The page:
January 19, 2011 | by Michael Heller
Recently, there have been a couple different studies about cell phone user loyalty and the news has been hitting different sites, though mostly they have been used to show that people are more loyal to the iPhone than any other device on the market. Unfortunately, a quick look at the actual data is good enough to throw serious suspicion on those claims due to small sample sizes and questionable methodology.
The first study, done in November by the German firm, Gfk, found that overall only 25% of cell phone customers would remain loyal to their current device. iPhone customers came in at the top in “loyalty rate”, with Android in the middle of the pack, but both systems had a rate of 85% of users saying they would purchase that same OS again. One trouble with this study is that it was a global study covering Brazil, Germany, Spain, UK, USA, and China, yet the study only questioned 6,643 people in total. With 61.5 million smartphone users in the US alone, that is a ridiculously small sample size from which to draw conclusions.
The newer study by Zokem did better to survey 1,500 US smartphone users per quarter, but it is still a bit small. The crux of most arguments comes from the very first sentence of the study which states that the 2010 study “reveals that iPhone scores 84% higher in loyalty ratings than the nearest competitor, Google Android.” The trouble with this is that the comparison is quite vague, saying only that this “reflects the loyalty that mobile users have for the phones that they are currently using.”
Additionally, this graph isn’t really comparing iOS to Android on a personal level, it is comparing the likelihood that an iPhone user will recommend iPhones to others, to whether a Droid user recommend another Droid. Because there is only one iPhone, the statistic works fine from that end, but because there are so many choices of Android devices and carriers, that statistic holds little meaning and no comparative value, because there are so many outside factors aside from iOS vs Android that can skew the responses. Would a G2 user recommend the G2 to a friend if they know that friend will not switch to T-Mobile? I know if I were giving a recommendation, I would take into account my friend’s commitment to iTunes, carriers, and tech savvy. But, if I’m buying for myself, I’m buying Android.
The trouble comes from using Net Promoter Score, which means that responders were asked a single question about the likelihood of recommending a product to a friend or colleague. In general, this is done on an 11 point scale (0 to 10), with those responding with a 7 or 8 as “passive”, 9 or 10 as “promoters” and anything under a 6 as “detractors”. Somehow, Zokem has translated those responses to a 200 point scale (-100 to 100), which only serves to make the comparison more skewed. When those ratings are averaged out, a score of 75% is considered very high, although there is no evidence to show that this is actually a better prediction of user “loyalty” than something like repurchase rate.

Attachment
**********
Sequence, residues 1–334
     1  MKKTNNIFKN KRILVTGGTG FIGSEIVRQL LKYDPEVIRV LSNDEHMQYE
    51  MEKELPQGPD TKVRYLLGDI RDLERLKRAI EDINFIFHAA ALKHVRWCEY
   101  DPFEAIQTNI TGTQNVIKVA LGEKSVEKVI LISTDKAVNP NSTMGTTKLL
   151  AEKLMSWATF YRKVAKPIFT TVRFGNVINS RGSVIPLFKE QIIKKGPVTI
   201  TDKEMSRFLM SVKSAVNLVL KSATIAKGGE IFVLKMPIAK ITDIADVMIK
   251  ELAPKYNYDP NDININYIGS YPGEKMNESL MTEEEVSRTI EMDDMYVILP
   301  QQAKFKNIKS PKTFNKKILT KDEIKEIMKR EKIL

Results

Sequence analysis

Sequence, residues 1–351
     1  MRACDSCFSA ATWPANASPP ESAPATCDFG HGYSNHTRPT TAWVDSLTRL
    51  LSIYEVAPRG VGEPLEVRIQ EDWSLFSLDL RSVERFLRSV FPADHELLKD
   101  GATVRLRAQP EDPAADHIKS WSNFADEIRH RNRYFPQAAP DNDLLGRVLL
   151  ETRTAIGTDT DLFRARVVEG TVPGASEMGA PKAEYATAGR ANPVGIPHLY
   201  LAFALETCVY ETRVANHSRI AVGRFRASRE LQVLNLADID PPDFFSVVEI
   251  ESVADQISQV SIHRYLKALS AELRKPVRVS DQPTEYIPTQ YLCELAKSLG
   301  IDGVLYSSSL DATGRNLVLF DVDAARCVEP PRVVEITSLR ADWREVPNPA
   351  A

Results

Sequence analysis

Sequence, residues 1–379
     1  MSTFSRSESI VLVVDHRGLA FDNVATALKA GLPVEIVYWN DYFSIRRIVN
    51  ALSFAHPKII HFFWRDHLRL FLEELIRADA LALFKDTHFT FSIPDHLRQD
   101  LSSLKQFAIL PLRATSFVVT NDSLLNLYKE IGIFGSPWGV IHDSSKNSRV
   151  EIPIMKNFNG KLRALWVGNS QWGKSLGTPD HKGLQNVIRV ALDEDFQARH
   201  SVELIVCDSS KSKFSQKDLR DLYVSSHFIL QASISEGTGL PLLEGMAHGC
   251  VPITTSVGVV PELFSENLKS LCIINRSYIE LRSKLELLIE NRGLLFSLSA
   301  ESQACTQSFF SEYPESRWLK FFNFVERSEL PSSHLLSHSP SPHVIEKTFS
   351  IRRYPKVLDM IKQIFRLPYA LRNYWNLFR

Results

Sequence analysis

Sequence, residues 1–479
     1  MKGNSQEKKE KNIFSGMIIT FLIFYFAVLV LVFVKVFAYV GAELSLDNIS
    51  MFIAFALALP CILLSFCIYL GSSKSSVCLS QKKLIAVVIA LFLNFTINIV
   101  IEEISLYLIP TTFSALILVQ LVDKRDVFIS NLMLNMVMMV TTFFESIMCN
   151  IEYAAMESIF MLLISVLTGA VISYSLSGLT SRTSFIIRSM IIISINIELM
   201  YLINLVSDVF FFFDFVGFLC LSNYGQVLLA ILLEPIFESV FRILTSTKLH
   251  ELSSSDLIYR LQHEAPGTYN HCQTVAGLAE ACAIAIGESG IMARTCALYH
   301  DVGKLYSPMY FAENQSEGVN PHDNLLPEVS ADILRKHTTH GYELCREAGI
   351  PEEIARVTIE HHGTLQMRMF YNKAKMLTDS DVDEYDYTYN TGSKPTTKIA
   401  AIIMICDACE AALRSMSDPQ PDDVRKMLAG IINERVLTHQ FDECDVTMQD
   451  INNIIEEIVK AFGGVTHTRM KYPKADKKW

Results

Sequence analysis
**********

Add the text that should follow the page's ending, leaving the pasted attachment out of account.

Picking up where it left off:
The real value is in the following graphs, which show the flaws in the implications drawn from the study by conveniently showing the contradictions in the trademarked study data from Zokem with real understandable data on what people do when faced with actual purchase choices.
The second and third graphs show similar data, but widely different information. The Zokem trademarked “Platform Churn” is designed to show “the likelihood to shift to a competing platform during the next 12 months”, while the “Repurchase Rate” chart seems the most straightforward of all the data, showing users “likely to buy a similar device in the future”.
As you can see, although Android supposedly has far lower loyalty, and a higher “churn” rate than iPhone, Android users are more likely to stick with Android when buying a new phone with an 89% repurchase rate compared to iPhone’s 85%.
So, we have two studies which come up with the same results: when using an obscure “loyalty” metric, people are more “loyal” to iPhone than Android; and, when using straightforward repurchase rates, Android users are just as loyal if not more so than iPhone users in staying with the OS. This is quite a contradiction, yet all of the headlines you’ll see want to talk about how much more loyal iPhone owners are. It seems to me that users for both iPhone and Android love their systems. We can’t know exactly what thoughts come into play with the recommendations, whether the data is skewed because of the survey methodology, or the basic differences within the OS ecosystems. We don’t know how much iTunes, or the spread of the Android devices may factor in to the choices people made. All we do know is both user bases are continuing to buy back in at the same rates. I guess that’s just not as exciting a headline, but it sounds more honest to me.